Tiny URL’s: More than Shrinking URL’s: Link Your Supplemental Articles at your Home Page to an Article Elsewhere
I’ve begun to use the service www.tinyurl.com because you can shrink a long URL into something short and manageable. I’ve seen URL’s with over 170 characters go down to twenty-five or so!
I even had to turn my official website URL into a tiny URL because pasting some website’s log messed up the front page. Fortunately, I knew how to go down the middle of my McGraw-Hill website—Northeast Texas Virtual Library, formerly http://jdmeyer.pageout.net, and turn that Table of Contents into the new front of the academic website. http://tinyurl.com/4yp8j4w I also have a religious website that’s smaller and I don’t publicize a lot.
Then I had an idea. Write an article then put it in my McGraw-Hill Pageout website. Copy the lengthy URL of the document and paste it at tinyurl. Check to see if it works. Then take that URL of the new document at my McGraw-Hill Pageout site, and use it in articles for citizen journalism websites.
For example, I wrote a two-page table of contents entitled, “Chapter Sections Published Elsewhere,” http://tinyurl.com/3l6cpco an alternative style of sample chapter for my Developmental English/Writing textbook. These twenty chapter sections were published as articles at various websites, such as Associated Content, Connexions (of Rice University) and Lesson Plans Page. All but the final entry can be found in the 8th edition. The last one, “Veterans Interest Unit” shows illustrations from Flickr, the photo-sharing branch of yahoo.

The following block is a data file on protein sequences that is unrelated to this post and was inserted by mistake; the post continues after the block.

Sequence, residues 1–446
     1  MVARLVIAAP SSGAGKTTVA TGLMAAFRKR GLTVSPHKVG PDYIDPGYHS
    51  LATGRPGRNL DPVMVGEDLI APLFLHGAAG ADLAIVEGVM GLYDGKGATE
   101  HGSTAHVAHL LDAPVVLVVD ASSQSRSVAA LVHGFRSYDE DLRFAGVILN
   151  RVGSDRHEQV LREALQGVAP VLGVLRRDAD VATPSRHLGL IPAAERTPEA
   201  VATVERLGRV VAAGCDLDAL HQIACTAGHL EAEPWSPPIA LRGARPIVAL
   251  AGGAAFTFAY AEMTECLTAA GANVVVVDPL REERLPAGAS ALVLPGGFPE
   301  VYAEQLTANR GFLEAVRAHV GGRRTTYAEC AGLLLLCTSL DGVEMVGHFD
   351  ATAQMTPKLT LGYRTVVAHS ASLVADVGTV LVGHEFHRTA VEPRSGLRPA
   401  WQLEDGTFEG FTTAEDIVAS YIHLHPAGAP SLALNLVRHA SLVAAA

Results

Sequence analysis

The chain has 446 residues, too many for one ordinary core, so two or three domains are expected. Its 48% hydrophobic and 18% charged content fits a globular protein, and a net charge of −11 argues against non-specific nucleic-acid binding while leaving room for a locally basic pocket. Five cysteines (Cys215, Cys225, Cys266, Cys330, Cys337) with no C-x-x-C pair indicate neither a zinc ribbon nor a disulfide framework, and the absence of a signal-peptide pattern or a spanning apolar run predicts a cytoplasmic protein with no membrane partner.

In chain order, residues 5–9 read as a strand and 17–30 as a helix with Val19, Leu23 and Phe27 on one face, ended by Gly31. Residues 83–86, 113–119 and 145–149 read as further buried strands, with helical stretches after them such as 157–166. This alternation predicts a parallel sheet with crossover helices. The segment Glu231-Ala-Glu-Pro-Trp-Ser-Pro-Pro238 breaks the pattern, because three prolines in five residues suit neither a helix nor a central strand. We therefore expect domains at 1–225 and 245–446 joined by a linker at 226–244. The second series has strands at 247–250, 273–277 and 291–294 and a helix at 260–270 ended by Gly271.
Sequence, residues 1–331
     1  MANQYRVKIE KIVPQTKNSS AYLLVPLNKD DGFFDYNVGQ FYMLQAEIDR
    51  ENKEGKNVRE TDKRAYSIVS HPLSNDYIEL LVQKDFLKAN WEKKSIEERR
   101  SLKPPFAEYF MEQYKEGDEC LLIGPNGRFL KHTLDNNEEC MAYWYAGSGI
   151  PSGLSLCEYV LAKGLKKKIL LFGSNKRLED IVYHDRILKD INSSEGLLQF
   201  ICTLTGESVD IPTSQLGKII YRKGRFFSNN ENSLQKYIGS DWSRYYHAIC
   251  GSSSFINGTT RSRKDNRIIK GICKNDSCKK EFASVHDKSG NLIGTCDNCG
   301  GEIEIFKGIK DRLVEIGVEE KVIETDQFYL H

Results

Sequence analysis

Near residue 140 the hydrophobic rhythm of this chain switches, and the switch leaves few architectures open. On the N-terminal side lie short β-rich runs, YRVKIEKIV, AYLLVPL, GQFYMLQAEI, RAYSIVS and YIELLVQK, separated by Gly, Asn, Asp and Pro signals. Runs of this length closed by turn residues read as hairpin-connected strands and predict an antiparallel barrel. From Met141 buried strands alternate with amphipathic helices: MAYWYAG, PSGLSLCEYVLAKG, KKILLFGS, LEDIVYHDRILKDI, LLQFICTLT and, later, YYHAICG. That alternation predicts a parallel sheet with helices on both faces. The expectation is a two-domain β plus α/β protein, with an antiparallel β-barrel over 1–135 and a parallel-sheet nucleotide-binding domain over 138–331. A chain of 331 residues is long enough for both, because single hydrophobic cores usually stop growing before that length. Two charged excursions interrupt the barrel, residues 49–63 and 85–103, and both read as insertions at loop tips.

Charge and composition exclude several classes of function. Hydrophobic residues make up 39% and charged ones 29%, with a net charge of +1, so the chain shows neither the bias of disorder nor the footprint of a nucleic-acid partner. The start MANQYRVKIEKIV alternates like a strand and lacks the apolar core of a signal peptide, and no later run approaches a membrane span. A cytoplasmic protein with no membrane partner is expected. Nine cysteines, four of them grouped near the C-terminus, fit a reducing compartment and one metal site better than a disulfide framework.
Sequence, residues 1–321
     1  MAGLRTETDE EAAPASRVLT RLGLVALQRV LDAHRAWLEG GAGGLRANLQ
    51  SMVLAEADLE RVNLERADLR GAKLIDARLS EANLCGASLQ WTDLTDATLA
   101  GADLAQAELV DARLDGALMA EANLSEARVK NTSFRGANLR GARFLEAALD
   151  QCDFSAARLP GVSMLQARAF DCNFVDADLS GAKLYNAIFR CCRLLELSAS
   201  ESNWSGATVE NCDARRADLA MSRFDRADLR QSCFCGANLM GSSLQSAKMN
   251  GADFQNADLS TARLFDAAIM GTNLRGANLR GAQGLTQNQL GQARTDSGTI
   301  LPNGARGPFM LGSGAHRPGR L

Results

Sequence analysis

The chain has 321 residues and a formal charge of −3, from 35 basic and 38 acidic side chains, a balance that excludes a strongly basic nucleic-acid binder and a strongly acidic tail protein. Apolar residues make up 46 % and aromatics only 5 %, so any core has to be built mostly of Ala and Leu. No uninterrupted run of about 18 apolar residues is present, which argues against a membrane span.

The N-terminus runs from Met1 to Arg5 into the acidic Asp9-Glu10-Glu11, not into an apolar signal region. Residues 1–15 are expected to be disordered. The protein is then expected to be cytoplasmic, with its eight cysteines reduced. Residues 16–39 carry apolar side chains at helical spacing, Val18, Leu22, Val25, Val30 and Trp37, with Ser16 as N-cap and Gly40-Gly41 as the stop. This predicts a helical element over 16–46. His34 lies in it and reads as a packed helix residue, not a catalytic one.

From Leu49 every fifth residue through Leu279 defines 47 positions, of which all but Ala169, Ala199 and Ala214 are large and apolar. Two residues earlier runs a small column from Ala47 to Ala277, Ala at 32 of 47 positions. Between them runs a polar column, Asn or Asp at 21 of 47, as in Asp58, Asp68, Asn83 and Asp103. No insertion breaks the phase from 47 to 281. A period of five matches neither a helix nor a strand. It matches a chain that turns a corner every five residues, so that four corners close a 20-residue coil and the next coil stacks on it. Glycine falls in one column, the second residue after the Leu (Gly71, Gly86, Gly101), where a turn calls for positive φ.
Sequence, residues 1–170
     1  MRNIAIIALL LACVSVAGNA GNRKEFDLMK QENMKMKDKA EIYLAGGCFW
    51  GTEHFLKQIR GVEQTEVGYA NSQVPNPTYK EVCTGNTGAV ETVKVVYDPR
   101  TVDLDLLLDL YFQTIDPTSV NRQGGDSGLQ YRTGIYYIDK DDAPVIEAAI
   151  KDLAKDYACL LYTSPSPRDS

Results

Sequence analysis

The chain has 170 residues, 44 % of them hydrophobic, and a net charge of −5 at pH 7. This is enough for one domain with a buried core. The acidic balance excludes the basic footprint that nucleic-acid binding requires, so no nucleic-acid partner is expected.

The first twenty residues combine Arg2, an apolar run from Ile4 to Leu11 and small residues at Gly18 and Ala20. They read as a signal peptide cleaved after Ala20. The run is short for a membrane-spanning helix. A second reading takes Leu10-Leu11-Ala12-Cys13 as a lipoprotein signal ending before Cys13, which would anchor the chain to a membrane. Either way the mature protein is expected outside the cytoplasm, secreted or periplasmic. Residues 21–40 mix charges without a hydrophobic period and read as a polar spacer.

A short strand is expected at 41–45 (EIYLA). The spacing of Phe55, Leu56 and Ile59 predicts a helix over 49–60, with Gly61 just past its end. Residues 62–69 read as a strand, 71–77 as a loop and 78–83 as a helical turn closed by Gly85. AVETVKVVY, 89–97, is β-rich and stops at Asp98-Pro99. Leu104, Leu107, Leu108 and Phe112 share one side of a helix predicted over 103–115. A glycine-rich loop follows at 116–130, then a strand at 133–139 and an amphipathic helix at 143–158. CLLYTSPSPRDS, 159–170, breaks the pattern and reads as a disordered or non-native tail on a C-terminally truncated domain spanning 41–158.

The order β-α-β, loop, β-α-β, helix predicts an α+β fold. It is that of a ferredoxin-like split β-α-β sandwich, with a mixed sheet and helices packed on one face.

I mentioned my textbook’s sample chapter with the tinyurl for an article I wrote for the local ABC affiliate’s citizen journalism about the East Texas State Fair. http://northwesttyler.kltv.com/news/events/70641-east-texas-state-fair-2011-view-toy-tent-workers-view
How is that relevant, anyone would ask? First of all, Sample Tuesday was a day when treats such as funnel cakes were selling for $2 instead of $6. So I wore an index card clipped to my shirt pocket with the advertisement, “Chapter Sections Published Elsewhere” and the tinyurl where you could read it. Eventually the card moved to my jeans pocket. Meanwhile I tended to my duties at the toy tent.
I wrote a short editorial (intended to be heartwarming) about my thoughts sitting in a tent full of cartoon balloon toys that I sent to Associated Content, now a branch of yahoo. http://www.associatedcontent.com/article/8919761/toy_tent_balloon_thoughts.html?cat=8 The link to the little article at the big website from the long article at the small website became a supporting detail and visa-versa. This time I felt that keeping the original long URL’s was preferable.
This self-marketing technique becomes quite portable. Now you can find this “Elsewhere” tinyurl at Facebook and Linked-In as I seek textbook publishers. Look at this procedure as an option to attaching documents, which is not always possible.